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Alexander V Kolesnikov, Vladimir J Kefalov; Different Impacts of Visual Pigment Dephosphorylation by PP2A in Mouse Rods and Cones. Invest. Ophthalmol. Vis. Sci. 2014;55(13):3034.
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Rapid inactivation of the visual pigment by phosphorylation is essential for the timely termination of rod and cone photoresponses and the recovery of their photosensitivity following a bleach. However, the role of pigment dephosphorylation in that process and the nature of the pigment phosphatase are unknown. We investigated the role of putative opsin phosphatase PP2A in mammalian rods and cones.
Expression of PP2A in mouse rods and cones was established by in situ hybridization in WT and Nrl-/- retinas, respectively. We then generated floxed PP2A catalytic subunit mice and crossed them with Cre recombinase mice to generate rod (Rho-Cre) and cone (HGRP-Cre) PP2A conditional knockout (CKO) mice. To facilitate M-cone recordings, we produced cone PP2A-CKO mice on Gnat1-/- background. We assessed the function of PP2A-deficient rods by single-cell suction recordings, and that of PP2A-deficient cones by ERG recordings. We also tested by ERG the effect of PP2A deletion on rod and cone dark adaptation in vivo.
Rod and cone photoresponse amplitude and sensitivity were comparable in Cre controls and PP2A-CKO mice. The deletion of PP2A in rods (but not cones) reduced their phototransduction amplification by 1.5-fold. Rod response recovery following dim, saturating, and 6% pigment bleach flashes was normal in isolated PP2A-deficient rods. Surprisingly, following a brighter 10% pigment bleach, the dark current and sensitivity of PP2A-deficient rods recovered ∼3 times faster than in Cre controls. This result suggests that the abnormally persistent phosphorylation of metarhodopsins in the absence of PP2A either accelerates their thermal decay following a bleach or decreases the rod desensitization induced by them. In stark contrast, the rate of rod dark adaptation following >90% bleach in vivo was substantially reduced in the absence of PP2A. M-cone phototransduction and dark adaptation were largely unaffected by the deletion of PP2A.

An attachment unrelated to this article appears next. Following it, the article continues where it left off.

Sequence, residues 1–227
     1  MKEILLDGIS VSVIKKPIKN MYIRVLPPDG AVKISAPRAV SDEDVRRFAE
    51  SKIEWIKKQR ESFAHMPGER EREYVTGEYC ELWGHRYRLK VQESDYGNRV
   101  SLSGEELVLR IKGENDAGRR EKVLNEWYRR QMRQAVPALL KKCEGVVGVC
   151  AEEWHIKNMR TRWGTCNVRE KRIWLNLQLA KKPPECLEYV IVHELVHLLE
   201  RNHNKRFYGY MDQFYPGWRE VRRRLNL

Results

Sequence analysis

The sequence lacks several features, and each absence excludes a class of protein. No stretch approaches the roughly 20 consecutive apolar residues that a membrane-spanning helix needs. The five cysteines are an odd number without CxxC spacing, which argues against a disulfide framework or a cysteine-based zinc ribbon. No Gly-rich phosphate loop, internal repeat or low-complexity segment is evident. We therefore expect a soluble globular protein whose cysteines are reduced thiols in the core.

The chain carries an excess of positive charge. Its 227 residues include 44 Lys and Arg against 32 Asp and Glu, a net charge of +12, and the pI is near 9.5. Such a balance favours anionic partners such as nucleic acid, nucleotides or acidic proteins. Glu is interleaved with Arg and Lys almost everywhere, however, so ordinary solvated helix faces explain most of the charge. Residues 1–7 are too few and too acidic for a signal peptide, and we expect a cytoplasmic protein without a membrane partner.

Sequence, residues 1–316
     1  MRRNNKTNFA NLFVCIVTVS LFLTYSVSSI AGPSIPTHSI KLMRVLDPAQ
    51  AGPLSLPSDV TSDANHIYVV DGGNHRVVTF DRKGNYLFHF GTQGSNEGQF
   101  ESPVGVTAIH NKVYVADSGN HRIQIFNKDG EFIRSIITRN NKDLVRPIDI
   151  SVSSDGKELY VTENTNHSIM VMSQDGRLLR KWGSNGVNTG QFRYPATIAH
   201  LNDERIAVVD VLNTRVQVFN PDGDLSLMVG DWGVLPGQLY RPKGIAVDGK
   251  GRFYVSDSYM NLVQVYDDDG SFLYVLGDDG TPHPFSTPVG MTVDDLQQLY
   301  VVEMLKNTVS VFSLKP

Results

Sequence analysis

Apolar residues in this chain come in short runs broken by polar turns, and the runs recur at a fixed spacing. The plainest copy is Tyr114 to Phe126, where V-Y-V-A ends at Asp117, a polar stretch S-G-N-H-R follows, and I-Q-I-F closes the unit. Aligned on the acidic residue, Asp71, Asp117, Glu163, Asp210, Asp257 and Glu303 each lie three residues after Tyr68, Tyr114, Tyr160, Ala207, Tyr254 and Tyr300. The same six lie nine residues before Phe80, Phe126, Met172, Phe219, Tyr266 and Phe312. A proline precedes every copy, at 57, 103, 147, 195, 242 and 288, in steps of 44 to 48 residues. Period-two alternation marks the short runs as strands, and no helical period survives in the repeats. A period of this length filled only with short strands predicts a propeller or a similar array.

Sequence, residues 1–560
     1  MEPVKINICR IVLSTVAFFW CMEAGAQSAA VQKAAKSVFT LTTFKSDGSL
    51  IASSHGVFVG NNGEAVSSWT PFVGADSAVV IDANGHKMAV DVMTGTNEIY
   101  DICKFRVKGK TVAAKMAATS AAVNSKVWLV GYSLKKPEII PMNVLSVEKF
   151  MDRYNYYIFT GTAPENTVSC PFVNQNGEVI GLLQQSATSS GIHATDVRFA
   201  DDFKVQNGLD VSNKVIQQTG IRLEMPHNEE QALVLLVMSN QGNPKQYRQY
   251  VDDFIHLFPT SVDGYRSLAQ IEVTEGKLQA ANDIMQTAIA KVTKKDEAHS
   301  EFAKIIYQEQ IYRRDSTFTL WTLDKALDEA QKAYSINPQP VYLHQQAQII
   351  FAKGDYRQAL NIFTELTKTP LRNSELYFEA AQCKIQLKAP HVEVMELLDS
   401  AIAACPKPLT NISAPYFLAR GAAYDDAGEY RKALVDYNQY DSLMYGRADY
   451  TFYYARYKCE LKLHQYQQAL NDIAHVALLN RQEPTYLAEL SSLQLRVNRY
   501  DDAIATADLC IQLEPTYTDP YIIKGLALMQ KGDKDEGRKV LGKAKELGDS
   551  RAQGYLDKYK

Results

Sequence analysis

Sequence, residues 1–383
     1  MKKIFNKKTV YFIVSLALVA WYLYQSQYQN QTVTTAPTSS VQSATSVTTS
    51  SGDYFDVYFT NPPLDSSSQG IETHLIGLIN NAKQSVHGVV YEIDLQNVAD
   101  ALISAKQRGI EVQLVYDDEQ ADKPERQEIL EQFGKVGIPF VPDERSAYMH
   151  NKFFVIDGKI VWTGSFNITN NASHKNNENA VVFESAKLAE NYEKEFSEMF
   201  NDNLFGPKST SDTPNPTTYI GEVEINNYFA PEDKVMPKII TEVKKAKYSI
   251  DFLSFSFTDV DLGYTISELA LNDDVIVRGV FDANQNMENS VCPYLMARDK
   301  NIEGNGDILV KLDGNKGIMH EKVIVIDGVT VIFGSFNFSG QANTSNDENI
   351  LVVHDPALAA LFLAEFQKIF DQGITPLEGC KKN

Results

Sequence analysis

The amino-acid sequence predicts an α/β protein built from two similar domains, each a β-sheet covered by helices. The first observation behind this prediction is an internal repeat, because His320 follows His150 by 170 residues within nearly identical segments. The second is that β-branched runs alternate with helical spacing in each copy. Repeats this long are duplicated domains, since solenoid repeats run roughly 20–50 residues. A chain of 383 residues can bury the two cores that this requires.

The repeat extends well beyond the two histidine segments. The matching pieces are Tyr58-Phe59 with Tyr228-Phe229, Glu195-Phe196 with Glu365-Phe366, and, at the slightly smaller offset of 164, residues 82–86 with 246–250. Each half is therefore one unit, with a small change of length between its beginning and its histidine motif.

The lack of PP2A affects the recovery of rods following a bleach both in the absence of pigment regeneration in isolated rods and with pigment regeneration in vivo. Thus, timely dark adaptation of mouse rods in vivo requires rhodopsin dephosphorylation by PP2A, likely prior to opsin recombination with chromophore. In contrast, dark adaptation of mouse M-cones either is less dependent of cone opsin dephosphorylation or is regulated by a different phosphatase.
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